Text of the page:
Cheers,

Hendrik

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Hello Eric,

Hendrik's remark is understandable. Regulations for 2nd Empire types of Legion of Honor mention the obverse medallion as having "Napol?on Empereur des Fran?ais".

In fact, the question is academic.... since there were no Commanders' badges during the 1st Empire. The rank was introduced in 1814 with the Restauration of Bourbon kings (Louis XVIII). It is therefore impossible that such medallions would have been manufactured before the Presidency of Louis-Napoleon Bonaparte 1850-52. This is necessarily 2nd Empire.

I also checked the Commander's badge in my own collection. It is absolutely identical to yours, with the EMP. abreviation. It belonged to Colonel GUICHERT who was in command of the 3rd Cuirassiers. He died in 1865. It goes with his Sainte-H?l?ne medal. Both awards are framed together.

To understand this, one must remember that these superb badges were made by independant jewelers, who could introduce variations in their production without too much official interference. I wonder if Commandeurs' badges with the full title EMPEREUR ever existed ?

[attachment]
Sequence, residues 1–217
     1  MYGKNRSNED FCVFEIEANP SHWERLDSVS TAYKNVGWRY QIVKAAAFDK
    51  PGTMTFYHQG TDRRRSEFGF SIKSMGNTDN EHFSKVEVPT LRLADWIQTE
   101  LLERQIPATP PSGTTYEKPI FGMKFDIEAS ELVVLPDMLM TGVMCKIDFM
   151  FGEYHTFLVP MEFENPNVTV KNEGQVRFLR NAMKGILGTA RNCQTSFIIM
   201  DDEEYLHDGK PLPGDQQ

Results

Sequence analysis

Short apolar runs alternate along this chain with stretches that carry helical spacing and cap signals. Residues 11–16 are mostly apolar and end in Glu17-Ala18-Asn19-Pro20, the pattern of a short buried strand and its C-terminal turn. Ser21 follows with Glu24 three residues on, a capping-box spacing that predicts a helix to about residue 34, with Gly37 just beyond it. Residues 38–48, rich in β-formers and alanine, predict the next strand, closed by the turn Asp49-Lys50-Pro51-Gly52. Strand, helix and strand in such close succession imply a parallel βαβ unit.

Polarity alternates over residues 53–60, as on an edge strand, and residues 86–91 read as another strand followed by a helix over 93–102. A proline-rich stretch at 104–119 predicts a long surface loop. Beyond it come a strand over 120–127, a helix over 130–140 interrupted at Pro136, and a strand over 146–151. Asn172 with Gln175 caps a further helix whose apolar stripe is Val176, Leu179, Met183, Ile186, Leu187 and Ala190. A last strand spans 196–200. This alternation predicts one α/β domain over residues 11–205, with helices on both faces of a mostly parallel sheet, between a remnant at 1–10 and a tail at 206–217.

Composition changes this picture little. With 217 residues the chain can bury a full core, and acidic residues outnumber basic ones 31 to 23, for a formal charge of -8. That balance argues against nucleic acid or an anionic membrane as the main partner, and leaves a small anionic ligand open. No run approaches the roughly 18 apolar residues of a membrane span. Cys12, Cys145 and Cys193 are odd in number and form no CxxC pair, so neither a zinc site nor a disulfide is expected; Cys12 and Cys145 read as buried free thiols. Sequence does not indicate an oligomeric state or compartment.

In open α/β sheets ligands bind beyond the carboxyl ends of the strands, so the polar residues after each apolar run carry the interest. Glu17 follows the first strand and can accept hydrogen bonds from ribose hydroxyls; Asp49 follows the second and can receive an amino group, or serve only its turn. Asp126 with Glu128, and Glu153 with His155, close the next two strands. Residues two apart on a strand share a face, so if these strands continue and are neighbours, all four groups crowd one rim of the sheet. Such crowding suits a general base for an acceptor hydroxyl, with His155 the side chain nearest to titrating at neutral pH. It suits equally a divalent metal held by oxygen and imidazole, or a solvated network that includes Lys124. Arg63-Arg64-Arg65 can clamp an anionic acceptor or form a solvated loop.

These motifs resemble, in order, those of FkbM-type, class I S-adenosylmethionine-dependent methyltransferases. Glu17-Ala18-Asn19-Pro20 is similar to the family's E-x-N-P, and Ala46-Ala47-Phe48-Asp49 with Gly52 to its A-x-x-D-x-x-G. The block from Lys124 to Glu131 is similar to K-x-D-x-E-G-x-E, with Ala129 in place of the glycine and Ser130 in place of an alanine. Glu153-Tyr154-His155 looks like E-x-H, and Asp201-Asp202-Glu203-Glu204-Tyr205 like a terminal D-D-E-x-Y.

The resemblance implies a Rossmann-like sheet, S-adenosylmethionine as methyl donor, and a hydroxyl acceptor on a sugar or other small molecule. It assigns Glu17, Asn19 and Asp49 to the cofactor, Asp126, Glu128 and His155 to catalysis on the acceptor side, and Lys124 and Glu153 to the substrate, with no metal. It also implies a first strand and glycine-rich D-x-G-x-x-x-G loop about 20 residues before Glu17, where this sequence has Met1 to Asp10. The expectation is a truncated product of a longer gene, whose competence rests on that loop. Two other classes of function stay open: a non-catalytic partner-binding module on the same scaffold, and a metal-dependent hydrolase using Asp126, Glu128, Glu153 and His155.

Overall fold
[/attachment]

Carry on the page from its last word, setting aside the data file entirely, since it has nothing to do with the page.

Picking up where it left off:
Very nice piece. They are quite scarce on the market, these days. I hope I have contributed to your understanding of the badges of the Order.

Regards

Veteran

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Veteran,

you have definitely provided a very knowledgeable commentary to accompany each of the pieces in my small collection. i think i can speak for anyone who reads this thread when i say that your insights have positively enhanced the viewing experience.

i have had these items for a very long time, but since they are in a separate field from my collecting interests, i never pursued the information behind them completely. only after joining this forum a short time ago and noticing the depth of knowledge being displayed

here did i decide to display these items in hopes of an accurate description.

Veteran and Hendrik,

thanks again!

p.s. i will post the final item in my rather limited L d'H collection as soon as it is returned to me (it is loaned to a friend at this moment).